Disaster can happen to any business, at any time. That is why it is so important to have a disaster recovery plan in place. But what happens if disaster strikes and your business doesn’t have a disaster recovery plan? This can be a catastrophic event and could lead to the downfall of your company.
In this article, we will discuss everything you need to know about creating disaster recovery and incident response plans. We will cover topics such as current cybersecurity threats facing businesses today, and how you can create disaster recovery and incident response plans.
From internal collaboration to storing and updating the disaster recovery and incident response plans, this guide will provide you with all the information you need to get started.
Current Cybersecurity Threats Facing Businesses Today
In today’s world, there are many cybersecurity threats that businesses need to be aware of. These include:
- Phishing attacks: This is when a cybercriminal sends an email that looks like it’s from a legitimate company in an attempt to get the recipient to click on a malicious link or attachment.
- Ransomware: This is a type of malware that encrypts a victim’s files and demands a ransom be paid in order for them to be decrypted.
- DDoS attacks: This is when a cyberattacker overwhelms vulnerabilities in systems and devices connected to the internet and then floods them with traffic, causing them to shut down. DNS servers are often targeted in these types of attacks.
- Data breaches: This is when a cybercriminal gains unauthorized access to sensitive data, such as customer credit card information or personal health records.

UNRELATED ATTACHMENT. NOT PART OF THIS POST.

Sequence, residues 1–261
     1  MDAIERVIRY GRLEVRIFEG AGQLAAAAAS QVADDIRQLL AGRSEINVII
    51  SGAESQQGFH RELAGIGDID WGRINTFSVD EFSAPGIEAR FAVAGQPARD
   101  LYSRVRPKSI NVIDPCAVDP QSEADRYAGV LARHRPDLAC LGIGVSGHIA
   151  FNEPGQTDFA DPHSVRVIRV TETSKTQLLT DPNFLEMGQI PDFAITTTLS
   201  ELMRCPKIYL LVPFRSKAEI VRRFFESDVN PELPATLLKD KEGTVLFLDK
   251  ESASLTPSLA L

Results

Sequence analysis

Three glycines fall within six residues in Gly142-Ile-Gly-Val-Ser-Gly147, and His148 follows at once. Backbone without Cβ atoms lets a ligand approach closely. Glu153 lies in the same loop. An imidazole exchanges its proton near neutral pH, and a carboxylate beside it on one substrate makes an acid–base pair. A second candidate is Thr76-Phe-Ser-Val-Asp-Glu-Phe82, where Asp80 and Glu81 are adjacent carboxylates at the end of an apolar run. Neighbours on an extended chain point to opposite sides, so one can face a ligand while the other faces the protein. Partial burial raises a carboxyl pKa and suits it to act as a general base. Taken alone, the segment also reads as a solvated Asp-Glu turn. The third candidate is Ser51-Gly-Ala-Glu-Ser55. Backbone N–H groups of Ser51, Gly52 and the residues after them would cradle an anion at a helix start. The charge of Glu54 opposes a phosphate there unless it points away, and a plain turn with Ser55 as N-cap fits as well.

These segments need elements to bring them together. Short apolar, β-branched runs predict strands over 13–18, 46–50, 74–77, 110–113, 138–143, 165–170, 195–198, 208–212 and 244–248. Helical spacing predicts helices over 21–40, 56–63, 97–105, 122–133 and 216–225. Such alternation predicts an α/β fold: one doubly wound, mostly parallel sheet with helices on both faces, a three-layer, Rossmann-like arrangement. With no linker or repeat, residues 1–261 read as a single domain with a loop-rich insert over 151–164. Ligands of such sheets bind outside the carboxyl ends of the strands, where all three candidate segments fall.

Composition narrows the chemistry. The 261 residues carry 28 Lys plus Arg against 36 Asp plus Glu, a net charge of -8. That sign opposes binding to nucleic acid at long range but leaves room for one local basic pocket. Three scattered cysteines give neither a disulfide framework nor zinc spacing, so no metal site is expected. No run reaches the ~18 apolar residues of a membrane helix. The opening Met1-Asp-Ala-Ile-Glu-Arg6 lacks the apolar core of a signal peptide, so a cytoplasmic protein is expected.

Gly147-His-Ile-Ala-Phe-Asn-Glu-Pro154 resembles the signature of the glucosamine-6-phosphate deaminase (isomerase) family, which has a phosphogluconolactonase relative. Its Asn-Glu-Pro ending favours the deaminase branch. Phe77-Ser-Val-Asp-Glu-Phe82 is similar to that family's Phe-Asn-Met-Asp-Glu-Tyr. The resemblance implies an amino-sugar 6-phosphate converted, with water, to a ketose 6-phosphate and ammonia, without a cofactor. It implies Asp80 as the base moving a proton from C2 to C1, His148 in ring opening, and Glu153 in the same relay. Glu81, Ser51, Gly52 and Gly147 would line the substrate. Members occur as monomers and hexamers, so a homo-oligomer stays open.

What is Disaster Recovery?
Disaster recovery (DR) is the process of restoring data and systems after a natural or man-made disaster. It is a crucial part of any business continuity plan and can help ensure that your company can continue to operate in the event of an unexpected outage.
There are two types of disasters that businesses need to be prepared for:
- Natural disasters: These include events such as floods, hurricanes, earthquakes, and tornadoes.
- Man-made disasters: These include fires, power outages, and cyberattacks.
Although these two types of disasters differ drastically, it’s important to understand how to prepare for as many unique situations as possible.
What to Consider for Your Disaster Recovery Plan
When creating your disaster recovery plan, there are a few things you need to take into consideration. These include:
- Your legal obligations: You need to make sure that your DR plan complies with any relevant laws and regulations. For example, if you store sensitive data, such as credit card information or personal health records, you will need to comply with the General Data Protection Regulation (GDPR).
- The coordination of your team: It is important to ensure that all members of your team know what their roles and responsibilities are in the event of a disaster. This includes having a clear chain of command so that everyone knows who they need to report to.
- The costs: DR plans can be expensive to implement, so you need to make sure that you have the budget in place.
Setting DR Goals
When setting goals for your disaster recovery plan, you need to make sure that they are realistic and achievable. This means taking into consideration the resources you have available and the type of disasters that are most likely to occur.